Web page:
It’s directed by brothers Mark and Jay Duplass, so-called “indie” filmmakers who directed 2005’s The Puffy Chair, an arthouse favorite for reasons I can’t understand (beyond “at least it’s not Hollywood”).
I saw The Puffy Chair when it came out. It was boring. If you think a Hollywood movie that is based on the usual 9 plot points (or whatever) is boring (and I do), then you ought to think a movie with zero plot points is just as boring (and I did). But, not if you’re a movie critic, apparently. The Puffy Chair got plenty of raves. I can understand that — not from a moviegoer’s perspective, but from a movie reviewer’s perspective. Those poor saps see 30+ movies a week, 29+ of them being pretty much the same. I understand how they get suckered into thinking that different is the same as good.
But The Puffy Chair wasn’t good. It wasn’t bad, it just wasn’t good. If I want to see “realistic” dialog, I’ll stay home. Who needs the movies? I can ramble and mutter and go nowhere all on my own!
But on to Cyrus, which has been getting very good reviews. I like John C. Reilly, and he deserves all the accolades and money the movie industry can dole out. I liked him even before he was Dr. Steve Brule (“for your health!”) on Adult Swim’s Tim and Eric’s Awesome Show Great Job. And he is terrific in Cyrus.
Jonah Hill is terrific in Cyrus. Marisa Tomei is terrific in Cyrus — and if you could believe she was Mickey Rourke‘s love interest in The Wrestler, you won’t have a problem believing she’s John C. Reilly’s love interest in this movie.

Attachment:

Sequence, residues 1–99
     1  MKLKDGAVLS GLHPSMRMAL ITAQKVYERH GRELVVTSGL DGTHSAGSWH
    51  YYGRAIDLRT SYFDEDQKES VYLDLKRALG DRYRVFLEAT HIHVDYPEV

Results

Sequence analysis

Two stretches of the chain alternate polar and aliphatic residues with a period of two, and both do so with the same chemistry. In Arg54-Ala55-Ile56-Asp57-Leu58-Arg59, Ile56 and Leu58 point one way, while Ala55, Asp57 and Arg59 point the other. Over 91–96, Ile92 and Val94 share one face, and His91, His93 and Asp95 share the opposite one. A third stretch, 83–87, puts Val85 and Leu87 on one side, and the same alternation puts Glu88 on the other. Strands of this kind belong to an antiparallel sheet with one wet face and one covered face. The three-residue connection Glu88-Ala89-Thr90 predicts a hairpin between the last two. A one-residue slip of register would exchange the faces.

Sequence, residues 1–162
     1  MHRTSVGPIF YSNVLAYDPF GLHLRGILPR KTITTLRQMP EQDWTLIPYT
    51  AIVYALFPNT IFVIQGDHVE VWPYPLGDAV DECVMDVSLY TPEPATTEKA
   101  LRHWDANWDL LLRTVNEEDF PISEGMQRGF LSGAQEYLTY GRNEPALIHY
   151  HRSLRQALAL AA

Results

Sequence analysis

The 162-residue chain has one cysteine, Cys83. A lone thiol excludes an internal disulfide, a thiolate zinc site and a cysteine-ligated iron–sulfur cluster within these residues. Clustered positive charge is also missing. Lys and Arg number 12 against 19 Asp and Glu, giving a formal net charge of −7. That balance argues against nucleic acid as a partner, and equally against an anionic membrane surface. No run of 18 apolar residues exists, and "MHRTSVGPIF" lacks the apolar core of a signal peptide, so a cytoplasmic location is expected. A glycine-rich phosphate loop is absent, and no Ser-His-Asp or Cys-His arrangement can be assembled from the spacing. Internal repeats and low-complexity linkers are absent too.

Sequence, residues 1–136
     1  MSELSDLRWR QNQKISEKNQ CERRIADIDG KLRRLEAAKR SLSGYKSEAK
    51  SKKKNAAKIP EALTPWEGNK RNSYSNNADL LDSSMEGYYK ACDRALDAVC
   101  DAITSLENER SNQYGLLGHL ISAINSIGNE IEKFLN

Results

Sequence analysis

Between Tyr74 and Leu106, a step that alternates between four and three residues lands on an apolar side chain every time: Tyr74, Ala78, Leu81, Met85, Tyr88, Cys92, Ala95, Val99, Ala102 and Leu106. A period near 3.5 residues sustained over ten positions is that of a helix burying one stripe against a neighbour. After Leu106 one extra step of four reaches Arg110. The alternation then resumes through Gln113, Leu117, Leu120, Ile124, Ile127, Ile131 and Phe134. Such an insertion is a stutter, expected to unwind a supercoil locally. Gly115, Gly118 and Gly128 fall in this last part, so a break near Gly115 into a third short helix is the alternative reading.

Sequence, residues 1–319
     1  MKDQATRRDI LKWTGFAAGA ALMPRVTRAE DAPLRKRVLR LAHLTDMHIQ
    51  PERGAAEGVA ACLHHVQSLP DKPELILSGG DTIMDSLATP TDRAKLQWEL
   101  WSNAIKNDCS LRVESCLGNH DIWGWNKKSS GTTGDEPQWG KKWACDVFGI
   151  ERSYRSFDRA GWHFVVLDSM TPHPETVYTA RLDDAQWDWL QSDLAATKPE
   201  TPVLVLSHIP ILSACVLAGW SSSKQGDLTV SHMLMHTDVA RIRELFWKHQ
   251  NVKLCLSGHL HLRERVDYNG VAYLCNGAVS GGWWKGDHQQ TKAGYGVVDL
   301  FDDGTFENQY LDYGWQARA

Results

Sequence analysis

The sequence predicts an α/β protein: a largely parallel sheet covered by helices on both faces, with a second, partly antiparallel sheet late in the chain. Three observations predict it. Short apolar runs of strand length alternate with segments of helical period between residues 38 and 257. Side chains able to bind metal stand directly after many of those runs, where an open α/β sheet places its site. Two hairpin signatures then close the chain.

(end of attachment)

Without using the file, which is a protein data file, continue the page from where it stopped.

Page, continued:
This is one of those movies where the trailer gives you a rough idea of the plot — a lonely-hearts kind of nerd hooks up with a wonderful woman, but she has a slightly-crazy grown son who doesn’t like the idea. Let the comedic adventures begin!
Of course, the trailer promotes the comedic adventures as the core of the film, and that’s not strictly the case. You can easily imagine the studio executives watching this movie and wondering how the hell they could promote it. Or, perhaps more accurately, you can imagine the studio executives asking their assistants about this movie, and then wondering how the hell they could promote it.
And now it’s *spoiler alert* time, not that it should matter to anyone.
John C. Reilly is a divorced loser. His ex-wife (indie queen Catherine Keener) sets him up to go to a party. There he meets Marisa Tomei. It’s not as unbelievable as it may seem that these two hook up. Then it turns out Tomei has a grown son living with her (Jonah Hill).
The new suitor and the grown son don’t get along. They fight a little, they undermine each other a little, then the son says “you know, I’m wrong and you’re right.” And then the credits roll. And the audience members sit in the theater wondering “where’s the third act?”
It’s not a bad movie. The Duplass brothers love to zoom in and out for no discernible purpose, and they love to linger longer than necessary on certain shots — they seem to have some sort of cinema verite style, despite the fact that cinema verite was proven to be a bore and an aesthetic dead end about forty years ago. But it’s easy enough to overlook that artsy approach, thanks to the savvy performances of good actors. And it’s a good premise.
And I understand why a filmmaker might want to toss aside the Hollywood conventions in the romantic comedy genre. But the phrase “throwing the baby out with the bathwater” is what leaps to mind when filmmakers try so hard to be anti-Hollywood.
A plot really isn’t such a bad idea, boys.